Nov 152011
 

Since his conviction last week, Dr. Conrad Murray’s professional and financial future has looked increasingly bleak.  Forbes, however, is reporting that due to the circumstances surrounding the tragedy, the doctor found guilty in the death of Michael Jackson may be able to deduct his legal fees on his taxes.

The events and actions resulting in Jackson’s death were obviously criminal in nature.  However, because Dr. Murray’s involvement in the case was rooted in his medical practice and treatment of Jackson as a patient, his incurred legal fees are arguably deductible.  The issue of whether the fees are deductible stems from the meaning of I.R.C 162. The code allows deductions for business expenses that are “ordinary, necessary and reasonable” in nature. Other celebrities have used I.R.C. 162 for deductions of their legal costs, but only in cases involving the defense of their reputation, notably Winona Ryder, Robert Blake, and Naomi Campbell.  Since the action must stem from his professional, and not his personal life, in order for the legal costs to be deductible under I.R.C. 162, Dr. Murray should have a much easier argument than most celebrities who are defending their reputation.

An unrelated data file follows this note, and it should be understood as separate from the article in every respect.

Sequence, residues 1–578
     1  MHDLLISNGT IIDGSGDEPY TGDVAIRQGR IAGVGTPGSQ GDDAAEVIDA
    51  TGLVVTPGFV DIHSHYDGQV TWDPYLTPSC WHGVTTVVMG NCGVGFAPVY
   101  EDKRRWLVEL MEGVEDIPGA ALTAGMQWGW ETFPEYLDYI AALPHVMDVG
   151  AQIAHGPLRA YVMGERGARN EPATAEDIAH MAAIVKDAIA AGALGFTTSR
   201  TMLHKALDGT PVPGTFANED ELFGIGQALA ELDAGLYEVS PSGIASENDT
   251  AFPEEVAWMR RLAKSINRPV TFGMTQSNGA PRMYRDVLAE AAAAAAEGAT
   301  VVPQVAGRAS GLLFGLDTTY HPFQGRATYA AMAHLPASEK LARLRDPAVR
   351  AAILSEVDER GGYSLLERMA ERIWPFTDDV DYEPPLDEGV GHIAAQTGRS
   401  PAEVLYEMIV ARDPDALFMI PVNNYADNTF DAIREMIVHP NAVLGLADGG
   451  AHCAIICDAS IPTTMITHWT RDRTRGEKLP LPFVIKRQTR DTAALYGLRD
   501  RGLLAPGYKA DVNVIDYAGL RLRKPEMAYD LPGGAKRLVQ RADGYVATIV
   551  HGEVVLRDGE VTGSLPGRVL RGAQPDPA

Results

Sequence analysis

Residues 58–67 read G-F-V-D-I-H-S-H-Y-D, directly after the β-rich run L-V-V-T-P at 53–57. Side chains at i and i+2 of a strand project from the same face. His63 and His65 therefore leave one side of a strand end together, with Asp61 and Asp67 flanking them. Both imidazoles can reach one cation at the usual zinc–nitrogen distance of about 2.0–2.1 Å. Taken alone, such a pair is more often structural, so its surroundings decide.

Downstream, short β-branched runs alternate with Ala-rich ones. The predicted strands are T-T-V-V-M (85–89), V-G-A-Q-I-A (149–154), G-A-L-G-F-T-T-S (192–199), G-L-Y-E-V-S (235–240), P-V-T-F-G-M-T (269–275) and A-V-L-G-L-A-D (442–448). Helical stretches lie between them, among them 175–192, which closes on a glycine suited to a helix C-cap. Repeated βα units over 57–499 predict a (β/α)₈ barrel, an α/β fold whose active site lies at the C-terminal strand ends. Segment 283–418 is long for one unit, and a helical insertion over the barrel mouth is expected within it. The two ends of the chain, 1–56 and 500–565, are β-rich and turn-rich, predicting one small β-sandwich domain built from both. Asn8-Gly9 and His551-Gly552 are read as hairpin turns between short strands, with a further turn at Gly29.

Dr. Murray had been treating Michael Jackson and was being paid for it.  Legal costs related to the defense of his practice, whether facing civil or criminal charges, are considered expenses related to his trade or business. In order to be tax deductible these expenses must be “ordinary, necessary and reasonable” in nature.  As Forbes reports, this standard should be easily met.  When it comes to taxes, even a onetime expense can be considered “ordinary.”  A legal bill from a lawyer, subsequently paid by Dr. Murray is a “necessary” expense.  As for “reasonable”, “if a lawyer can charge it and someone pays, it’s probably reasonable.”  Therefore, Dr. Murray’s legal costs incurred to defend his practice are most likely deductible.